If you or a loved one has been injured in an accident caused by negligence, a Columbia car accident lawyer at Chappell Smith & Arden, P.A. can help. We know how devastating a serious car accident can be and we will fight for the compensation you deserve to rebuild your life. To learn more about your legal options after a car accident, call 803-929-3600 or contact us online today.

We assist injured accident victims and their families across the state, including those in Columbia, Aiken, Camden, Sumter, Orangeburg, Greenville, Florence, Beaufort, Irmo, Spartanburg, Myrtle Beach, Hilton Head Island, West Columbia, Rock Hill, Charleston, Lexington, Winnsboro, Summerville, and throughout Lexington County, Richland County, Sumter County, Charleston County, Aiken County, Florence County, Lancaster County, York County, Spartanburg County, Orangeburg County, Kershaw County, and Newberry County.

Treating Puncture Wounds at Work

Columbia Workers’ Compensation Lawyers weigh in on work-related puncture wounds. A puncture wound is an injury to the body caused by the forceful penetration of the skin with a sharp or pointed object. Nails, tacks, needles, knives, and teeth are some of the most common causes of puncture wounds. Some puncture wounds are relatively superficial, injuring only the top layers of the skin. Others are more substantial, going deeper into the body to involve ligaments, muscles, tendons, and even bone.

Puncture wounds are deceptive injuries. They generally appear small – maybe the size of a pencil point. They often do not bleed much or even at all. However, a puncture wound can be very serious if not treated promptly and effectively.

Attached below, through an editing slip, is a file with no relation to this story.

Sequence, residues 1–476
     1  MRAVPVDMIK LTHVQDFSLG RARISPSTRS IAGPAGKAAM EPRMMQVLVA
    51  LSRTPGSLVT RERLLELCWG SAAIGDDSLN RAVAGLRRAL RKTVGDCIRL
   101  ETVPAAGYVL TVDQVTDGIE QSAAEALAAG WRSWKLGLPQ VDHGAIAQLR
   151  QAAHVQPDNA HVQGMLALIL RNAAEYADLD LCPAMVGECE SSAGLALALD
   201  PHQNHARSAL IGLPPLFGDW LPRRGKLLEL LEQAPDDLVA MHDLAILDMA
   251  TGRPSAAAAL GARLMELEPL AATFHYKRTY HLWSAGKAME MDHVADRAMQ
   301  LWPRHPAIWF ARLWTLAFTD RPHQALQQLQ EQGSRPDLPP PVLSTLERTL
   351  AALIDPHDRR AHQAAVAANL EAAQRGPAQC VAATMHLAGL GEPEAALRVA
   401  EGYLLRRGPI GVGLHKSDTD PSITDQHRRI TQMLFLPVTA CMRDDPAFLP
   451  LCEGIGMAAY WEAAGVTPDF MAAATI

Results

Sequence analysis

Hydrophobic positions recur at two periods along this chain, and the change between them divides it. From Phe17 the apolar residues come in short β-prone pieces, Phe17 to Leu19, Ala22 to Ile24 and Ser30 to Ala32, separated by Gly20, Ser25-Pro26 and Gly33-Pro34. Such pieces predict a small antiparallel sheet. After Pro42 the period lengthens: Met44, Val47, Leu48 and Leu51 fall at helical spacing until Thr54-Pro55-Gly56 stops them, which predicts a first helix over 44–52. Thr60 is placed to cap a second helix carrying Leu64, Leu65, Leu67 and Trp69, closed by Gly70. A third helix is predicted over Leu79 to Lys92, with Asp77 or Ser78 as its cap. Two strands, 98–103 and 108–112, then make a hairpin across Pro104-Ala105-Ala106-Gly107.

Complications of Puncture Wounds

The nature of puncture wounds makes them difficult to clean, increasing the risk of serious and even fatal infections. Bacteria grow easily in the warm, moist cavity created when an object punctures the skin. A worker who is punctured by a rusty nail or other kind of metal may susceptible to a painful infection called tetanus. Routine vaccinations beginning in childhood can prevent tetanus. Yet, even if you are up to date on your vaccines, you should still seek medical attention if your puncture wound was caused by a metal object.

Depending on the location and depth of your injury, puncture wounds can also cause internal and external bleeding. Doctors, nurses, phlebotomists, and other medical professionals are at risk of puncture wounds caused by needles, scalpels, and sutures. These tools can transmit bloodborne pathogens like Hepatitis and HIV.

Treating a Puncture Wound

If you or a colleague experience a puncture wound on the job, follow these steps for safe treatment:

  • Wash your hands to prevent infection.
  • If you see blood, apply pressure with a clean cloth or bandage to stop the bleeding.
  • Rinse the wound with clean water for five to ten minutes. Clean the skin around the wound with soap and water.
  • Apply a small amount of antiseptic cream to the wound.
  • Cover the puncture wound with clean bandages, changing them at least every day or when they become dirty.
  • Look for the signs of infection: redness, swelling, drainage, or pain. See a doctor immediately if any of these appear.
  • If the puncture wound bleeds profusely, or is caused by an animal, insect, rusty object, or medical instrument, immediate medical assistance is recommended.
  • Notify your employer of the injury to ensure the incident is properly documented should you need to file a Workers’ Compensation